The walls of this building suffered from many major cracks along its height Figure 9 C. Currently, the apartments are unfit for living and residents have evacuated. The causes of the major damage of the Horizon apartments and similar high-rise buildings in Kathmandu may be attributed to the long-period ground motions Figure 5. In addition, local topological features may have contributed to extensive damage there the complex is on a hill. Along the Araniko Highway between Kathmandu and Bhaktapur area 4 in Figure 4 , a section of the highway about m in length built upon embankments was damaged due to the ground settlement.
The amount of settlements was about 0. The central section of the highway was constructed using reinforced soil retaining wall and gravity-type retaining wall 2—3 m high and m wide. The retaining walls were structurally intact and suffered from minor cracks and outward deformation only, whereas the natural slopes at both ends of the highway embankments experienced noticeable settlements Figure 9 E.
Several buildings along the highway were tilted due to the settlements. A pedestrian footbridge crossing the highway suffered from the differential settlement of foundation, resulting in a gap of 45 cm between the bridge girder and the stair steps. In area 5 Figure 4 , minor liquefaction, which was evidenced by sand boils and did not cause any structural damage, was observed in a small open land near a canal.
In the surveyed area, a church was collapsed due to the ground shaking Figure 9 F. According to local residents, the church building was standing after the Mw7. The extent of structural damage before the Mw6. There were several houses that settled and tilted in this area. However, the degree of destruction in this area was minor. Overall, earthquake damage in Kathmandu was not widespread but more localized. This may suggest that overall strong shaking experienced in Kathmandu was not extremely large.
The areas that suffered from major destruction tend to have some local characteristics, such as soft soil conditions and structural deficiencies.
Survey Results in Melamchi The survey was conducted along the road to Melamchi about 30 km north—east of Kathmandu; Figure 3. Melamchi and the surrounding areas were close to the locations of major aftershocks i. On the way to Melamchi, there were many small villages that suffered from earthquake damage. During interviews with local residents, they expressed serious concerns about incessant aftershocks and urgent need of repairs of the damaged houses before the arrival of rainy season.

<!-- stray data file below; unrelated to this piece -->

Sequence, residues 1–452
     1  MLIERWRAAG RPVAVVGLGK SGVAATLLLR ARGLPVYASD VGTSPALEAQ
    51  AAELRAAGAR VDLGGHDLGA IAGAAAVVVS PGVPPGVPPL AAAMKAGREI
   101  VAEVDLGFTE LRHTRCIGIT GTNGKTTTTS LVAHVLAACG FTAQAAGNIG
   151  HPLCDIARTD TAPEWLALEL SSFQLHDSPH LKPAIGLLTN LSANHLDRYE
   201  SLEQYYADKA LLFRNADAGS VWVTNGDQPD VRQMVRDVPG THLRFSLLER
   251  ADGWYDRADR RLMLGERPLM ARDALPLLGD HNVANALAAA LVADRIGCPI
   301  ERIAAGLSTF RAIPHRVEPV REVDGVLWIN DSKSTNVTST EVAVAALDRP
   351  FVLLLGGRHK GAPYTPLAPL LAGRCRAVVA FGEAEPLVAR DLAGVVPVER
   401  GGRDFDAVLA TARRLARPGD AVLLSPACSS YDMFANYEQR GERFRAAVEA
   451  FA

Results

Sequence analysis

Proceeding north toward Melamchi, the occurrence of earthquake damage becomes more frequent. Melamchi is a small town along the Indrawati River, and residents in the town have been involved with a major Melamchi Water Supply project 8 , which diverts the river and channels its water to Kathmandu through tunnels.
There were several factories along the road, which make water main pipes. Overall, the earthquake damage in Melamchi was severe, mostly affecting vulnerable masonry buildings, whereas the damage to RC buildings 4- to 5-story was limited. For instance, the main street of Melamchi was not completely destroyed Figure 10 A ; most buildings looked undamaged based on their appearances, although several buildings were collapsed.
On the other hand, buildings along a side street were devastated by the earthquakes Figures 10 B,C. The majority of the damaged buildings were made of brick and stone. Along the road, several sections of the slope suffered from shallow landsides Figure 10 D , their debris blocked the road at one time but was removed. There was a steel truss bridge with RC deck for vehicle crossing; the bridge was not damaged inspected from backside.
It has been reported that further damage occurred in Melamchi due to the 12 May Mw7. A further damage survey in Melamchi is required to investigate the effects of the aftershock with respect to the incurred damage prior to the aftershock although it is beyond the scope of this study.
Damage in Melamchi see Figure 3. A Main street in Melamchi. B Damaged stone masonry house. C Devastated street in Melamchi. D Shallow landslide along the main road. Survey Results in Trishuli The survey was conducted along the road to Trishuli about 30 km north—west of Kathmandu; Figure 3. One of the purposes of the trip was to investigate the earthquake damage near the Trishuli hydroelectric station. Trishuli was closer to the hypocenter of the Mw7.